Intrauterine contraceptive devices (IUCD) are one of the most frequently used methods of contraception throughout the world. It prevents pregnancy by: thinning the endometrial lining preventing sperm motility preventing implantation There are two main types of IUCDs: non-hormonal metallic (...
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Intrauterine growth restriction

Intrauterine growth restriction (IUGR) is commonly defined as an estimated fetal weight (EFW) at one point in time during pregnancy being at or below the 10th percentile for gestational age 2. Some authors define the term IUGR when fetal biometric parameters fall under the 5th percentile or fal...
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Intrauterine membrane in pregnancy

An echogenic membrane might be seen within the uterus during pregnancy membrane of maternal origin uterine septum amniotic shelf intauterine synechiae membrane of fetal origin intertwin membrane amniotic band chorioamniotic separation chorioamniotic elevation fibrin strand
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In utero bowel perforation

In utero bowel perforation results in a chemical peritonitis (meconium peritonitis) from peritoneal leakage of sterile meconium. It can result from many causes which include: intestinal atresias: jejuno-ileal atresia ileal atresia anal atresia in utero intestinal ischaemia underlying gast...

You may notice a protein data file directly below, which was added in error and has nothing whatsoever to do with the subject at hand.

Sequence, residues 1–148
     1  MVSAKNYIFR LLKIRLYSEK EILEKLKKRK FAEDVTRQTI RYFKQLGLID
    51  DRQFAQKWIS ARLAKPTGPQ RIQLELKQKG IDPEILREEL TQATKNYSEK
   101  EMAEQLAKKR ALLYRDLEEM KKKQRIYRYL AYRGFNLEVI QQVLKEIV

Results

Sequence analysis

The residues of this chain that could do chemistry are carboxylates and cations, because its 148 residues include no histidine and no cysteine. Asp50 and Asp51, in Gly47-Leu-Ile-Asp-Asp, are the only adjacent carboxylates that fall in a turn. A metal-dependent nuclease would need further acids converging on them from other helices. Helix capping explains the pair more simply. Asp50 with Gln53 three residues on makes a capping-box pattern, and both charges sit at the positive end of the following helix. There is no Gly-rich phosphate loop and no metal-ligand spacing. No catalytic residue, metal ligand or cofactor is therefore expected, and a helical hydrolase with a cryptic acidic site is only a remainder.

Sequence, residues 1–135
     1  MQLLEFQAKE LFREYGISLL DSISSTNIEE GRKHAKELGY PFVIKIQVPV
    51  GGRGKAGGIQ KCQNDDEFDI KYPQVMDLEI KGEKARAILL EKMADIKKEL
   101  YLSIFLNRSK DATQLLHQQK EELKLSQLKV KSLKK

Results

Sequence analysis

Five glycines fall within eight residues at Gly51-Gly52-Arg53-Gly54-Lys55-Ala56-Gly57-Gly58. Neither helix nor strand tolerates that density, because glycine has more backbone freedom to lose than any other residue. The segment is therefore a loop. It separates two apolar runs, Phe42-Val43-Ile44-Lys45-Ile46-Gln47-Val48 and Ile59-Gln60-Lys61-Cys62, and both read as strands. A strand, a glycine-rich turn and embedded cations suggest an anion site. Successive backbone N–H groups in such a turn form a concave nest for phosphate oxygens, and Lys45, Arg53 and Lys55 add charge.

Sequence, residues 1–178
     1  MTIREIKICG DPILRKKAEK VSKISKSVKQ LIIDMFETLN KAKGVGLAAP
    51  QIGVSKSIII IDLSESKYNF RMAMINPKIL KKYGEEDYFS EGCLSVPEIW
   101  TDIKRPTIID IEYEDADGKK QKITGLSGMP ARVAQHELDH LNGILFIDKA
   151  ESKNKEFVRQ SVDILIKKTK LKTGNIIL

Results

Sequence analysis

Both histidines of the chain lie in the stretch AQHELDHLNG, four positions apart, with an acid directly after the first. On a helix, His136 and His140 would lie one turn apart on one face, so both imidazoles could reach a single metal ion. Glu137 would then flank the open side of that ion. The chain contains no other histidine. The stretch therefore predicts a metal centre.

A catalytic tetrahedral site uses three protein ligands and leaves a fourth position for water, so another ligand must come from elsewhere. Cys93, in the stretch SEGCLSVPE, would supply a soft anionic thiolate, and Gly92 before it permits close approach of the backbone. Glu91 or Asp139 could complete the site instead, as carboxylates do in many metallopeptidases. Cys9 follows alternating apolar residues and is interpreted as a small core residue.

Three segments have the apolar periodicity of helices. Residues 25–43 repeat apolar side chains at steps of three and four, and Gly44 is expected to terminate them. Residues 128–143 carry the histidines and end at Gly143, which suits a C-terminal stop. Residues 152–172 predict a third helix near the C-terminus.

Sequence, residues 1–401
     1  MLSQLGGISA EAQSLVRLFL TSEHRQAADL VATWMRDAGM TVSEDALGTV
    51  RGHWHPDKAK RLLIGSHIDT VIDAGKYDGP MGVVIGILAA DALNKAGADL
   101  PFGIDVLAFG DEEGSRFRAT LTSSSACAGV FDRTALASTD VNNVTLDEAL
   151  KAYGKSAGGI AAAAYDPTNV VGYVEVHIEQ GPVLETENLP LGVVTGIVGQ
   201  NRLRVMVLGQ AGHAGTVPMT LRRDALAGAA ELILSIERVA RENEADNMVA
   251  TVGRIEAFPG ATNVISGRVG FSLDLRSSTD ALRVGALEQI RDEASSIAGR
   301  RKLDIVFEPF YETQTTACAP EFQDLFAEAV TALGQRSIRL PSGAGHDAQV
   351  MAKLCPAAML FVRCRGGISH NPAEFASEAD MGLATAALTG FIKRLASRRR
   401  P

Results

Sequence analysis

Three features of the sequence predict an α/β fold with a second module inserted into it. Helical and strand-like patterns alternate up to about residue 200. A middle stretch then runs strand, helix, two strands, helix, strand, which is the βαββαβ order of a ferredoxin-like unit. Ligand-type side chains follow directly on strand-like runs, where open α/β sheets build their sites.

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In utero Herpes simplex infection

In utero Herpes simplex infection usually occurs from transplacental tramission of the Herpes simplex virus. Transplacental intrauterine infection with herpes simplex virus is an extremely rare complication of primary herpes simplex in pregnancy. Epidemiology Fetal HSV infection much less comm...
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In utero infection

In utero infections, also known as congenital infections, can result from a vast number of aetiological organisms and account for 2% to 3% of all congenital anomalies 4.  TORCH group: in utero toxoplasmosis infection / congenital toxoplasmosis infection: congenital cerebral toxoplasmosis oth...
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In utero syphilis infection

In utero syphilis infection, or congenital syphilis, results from transplacental transmission of the maternal infection from the spirochete Treponema pallidum, subspecies pallidum.  For a general discussion, and for links to other system specific manifestations, please refer to the article on s...
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In utero varicella zoster virus infection

An in utero varicella zoster virus infection is an infrequent type of in utero infection. The clinical features can be diverse and variable depending on the stage of gestation. Epidemiology Fetal infection with varicella is unusual in the current age due to most women of childbearing age being...
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Invasive mole